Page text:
The second development that I think now becomes unlikely – and that I and many others will be sorry to see disappear — is the proposed Mid East Zone free of weapons of mass destruction. A few years back I said in this forum that a zonal arrangement might offer ISRAEL a chance to ensure that no country in the region – including IRAN – would have nuclear weapons or enrichment or reprocessing capacity, provided that Israel was itself ready to do away with both its nuclear weapons and its capacity to produce such weapons. Even though there was a clear quid pro quo in this calculation, it was a somewhat unlikely equation even a few years back. Today, it is bypassed, I think, by the deal that preserves a limited and well inspected low enrichment activity in Iran, and leaves the Israeli weapons capacity untouched, while most other countries in the region, for the time being at any rate, remain without fuel cycle activities.

Now let me focus on the contents of the Iran deal.  It strikes a reader of the 104 pages long SC resolution that Iran has committed to a great number of detailed restrictions on its future nuclear activities – for instance, on the number of centrifuges, the level of enrichment, stocks of enriched uranium etc +  stringent verification. The commitments on the other side are limited to an acceptance of Iranian enrichment of uranium, a lifting of sanctions and an end to frozen relations. Not very onerous.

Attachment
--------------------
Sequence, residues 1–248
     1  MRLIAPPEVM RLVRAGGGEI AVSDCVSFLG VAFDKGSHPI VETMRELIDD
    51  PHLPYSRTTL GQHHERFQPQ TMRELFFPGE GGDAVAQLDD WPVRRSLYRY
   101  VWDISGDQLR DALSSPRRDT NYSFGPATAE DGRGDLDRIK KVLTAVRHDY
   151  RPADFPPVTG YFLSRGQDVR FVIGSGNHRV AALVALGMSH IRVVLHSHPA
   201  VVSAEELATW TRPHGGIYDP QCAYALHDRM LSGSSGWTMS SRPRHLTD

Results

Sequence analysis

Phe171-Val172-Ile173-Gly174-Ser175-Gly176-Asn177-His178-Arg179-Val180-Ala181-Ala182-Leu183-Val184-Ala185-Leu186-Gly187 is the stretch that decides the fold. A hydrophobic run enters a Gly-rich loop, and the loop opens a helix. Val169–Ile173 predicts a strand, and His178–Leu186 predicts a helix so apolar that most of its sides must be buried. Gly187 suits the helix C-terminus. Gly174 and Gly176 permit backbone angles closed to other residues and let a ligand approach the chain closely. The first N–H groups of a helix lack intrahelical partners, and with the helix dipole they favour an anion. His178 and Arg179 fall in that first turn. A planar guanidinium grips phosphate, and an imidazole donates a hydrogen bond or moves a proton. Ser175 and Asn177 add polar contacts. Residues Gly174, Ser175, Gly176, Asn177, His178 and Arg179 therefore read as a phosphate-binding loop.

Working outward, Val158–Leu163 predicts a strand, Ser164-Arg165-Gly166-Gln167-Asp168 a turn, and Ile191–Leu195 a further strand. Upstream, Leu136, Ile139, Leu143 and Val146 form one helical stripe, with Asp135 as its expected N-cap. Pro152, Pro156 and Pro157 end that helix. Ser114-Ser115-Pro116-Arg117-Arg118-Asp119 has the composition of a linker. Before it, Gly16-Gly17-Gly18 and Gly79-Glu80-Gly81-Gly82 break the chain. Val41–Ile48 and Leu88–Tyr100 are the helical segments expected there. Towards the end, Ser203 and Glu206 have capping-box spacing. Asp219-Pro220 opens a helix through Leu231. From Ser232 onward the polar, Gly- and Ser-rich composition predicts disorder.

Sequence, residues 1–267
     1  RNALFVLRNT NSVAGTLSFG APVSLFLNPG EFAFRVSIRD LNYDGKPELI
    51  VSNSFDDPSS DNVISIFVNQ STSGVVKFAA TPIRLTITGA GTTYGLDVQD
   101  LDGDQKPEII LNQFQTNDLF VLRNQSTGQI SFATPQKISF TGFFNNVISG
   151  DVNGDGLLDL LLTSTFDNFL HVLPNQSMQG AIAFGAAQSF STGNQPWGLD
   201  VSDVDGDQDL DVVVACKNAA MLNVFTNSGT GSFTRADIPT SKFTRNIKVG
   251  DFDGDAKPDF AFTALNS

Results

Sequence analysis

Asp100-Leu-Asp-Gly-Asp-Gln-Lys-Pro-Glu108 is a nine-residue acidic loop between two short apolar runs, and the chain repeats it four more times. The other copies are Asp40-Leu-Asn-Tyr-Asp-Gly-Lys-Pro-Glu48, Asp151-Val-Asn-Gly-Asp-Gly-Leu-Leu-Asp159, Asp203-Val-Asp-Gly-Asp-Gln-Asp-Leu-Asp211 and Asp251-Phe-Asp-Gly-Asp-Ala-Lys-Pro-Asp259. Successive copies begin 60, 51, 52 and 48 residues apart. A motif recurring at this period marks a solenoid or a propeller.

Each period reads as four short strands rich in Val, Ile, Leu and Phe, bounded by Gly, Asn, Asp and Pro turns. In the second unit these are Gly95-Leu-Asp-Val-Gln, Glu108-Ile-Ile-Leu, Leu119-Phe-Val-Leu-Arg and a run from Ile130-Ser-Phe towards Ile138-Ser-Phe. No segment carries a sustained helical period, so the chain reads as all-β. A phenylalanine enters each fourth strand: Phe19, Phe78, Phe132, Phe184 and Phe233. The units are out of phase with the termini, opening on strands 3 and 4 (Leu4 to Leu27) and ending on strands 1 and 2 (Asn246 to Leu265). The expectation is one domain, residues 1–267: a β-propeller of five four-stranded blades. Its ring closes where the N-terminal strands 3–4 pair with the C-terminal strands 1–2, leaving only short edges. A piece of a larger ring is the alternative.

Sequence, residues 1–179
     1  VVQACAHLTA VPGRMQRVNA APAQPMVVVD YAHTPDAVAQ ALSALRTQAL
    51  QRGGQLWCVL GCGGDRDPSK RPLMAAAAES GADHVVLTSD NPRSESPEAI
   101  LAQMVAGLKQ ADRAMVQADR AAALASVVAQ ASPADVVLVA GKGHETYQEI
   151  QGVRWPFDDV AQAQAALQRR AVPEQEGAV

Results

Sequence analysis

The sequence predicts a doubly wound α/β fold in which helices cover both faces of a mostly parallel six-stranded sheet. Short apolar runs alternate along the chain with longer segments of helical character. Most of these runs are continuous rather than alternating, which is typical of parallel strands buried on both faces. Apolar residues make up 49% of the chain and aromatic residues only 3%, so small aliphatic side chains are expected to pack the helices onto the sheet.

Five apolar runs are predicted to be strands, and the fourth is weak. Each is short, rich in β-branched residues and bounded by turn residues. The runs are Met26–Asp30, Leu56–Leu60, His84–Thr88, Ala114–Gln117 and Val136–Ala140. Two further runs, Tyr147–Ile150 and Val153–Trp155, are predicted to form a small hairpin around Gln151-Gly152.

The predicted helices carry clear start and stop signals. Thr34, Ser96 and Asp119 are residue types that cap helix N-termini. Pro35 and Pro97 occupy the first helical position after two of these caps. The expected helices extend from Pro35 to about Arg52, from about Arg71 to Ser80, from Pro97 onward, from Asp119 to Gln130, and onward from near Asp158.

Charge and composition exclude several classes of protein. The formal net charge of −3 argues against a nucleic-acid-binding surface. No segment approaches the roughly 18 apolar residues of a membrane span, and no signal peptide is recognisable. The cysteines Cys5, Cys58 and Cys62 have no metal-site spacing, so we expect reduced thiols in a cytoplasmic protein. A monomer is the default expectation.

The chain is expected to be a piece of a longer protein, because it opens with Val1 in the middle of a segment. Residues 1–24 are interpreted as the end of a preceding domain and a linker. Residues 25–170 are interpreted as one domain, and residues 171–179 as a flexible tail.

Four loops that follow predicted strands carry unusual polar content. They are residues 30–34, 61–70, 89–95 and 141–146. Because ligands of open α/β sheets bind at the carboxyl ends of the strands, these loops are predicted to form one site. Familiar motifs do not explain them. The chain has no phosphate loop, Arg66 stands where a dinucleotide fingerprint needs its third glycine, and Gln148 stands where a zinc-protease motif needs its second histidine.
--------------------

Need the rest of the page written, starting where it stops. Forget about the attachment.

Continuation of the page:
However, the commitments undertaken by Iran also do not appear very onerous, when one looks at Iran’s practical needs in the field of peaceful development and use of nuclear energy – including nuclear generated electricity, Rather, the restrictions apply to a program that had such a size andorientation that many lost confidence that it had only peaceful aims. They seek to make the program commensurate with the practical peaceful nuclear needs of industrially and scientifically fast developing Iran.  Thereby, the confidence that was lost, should be regained to the benefit of Iran itself, but also to the region and the whole world.

The IRAN deal offers many lessons but raises also some questions.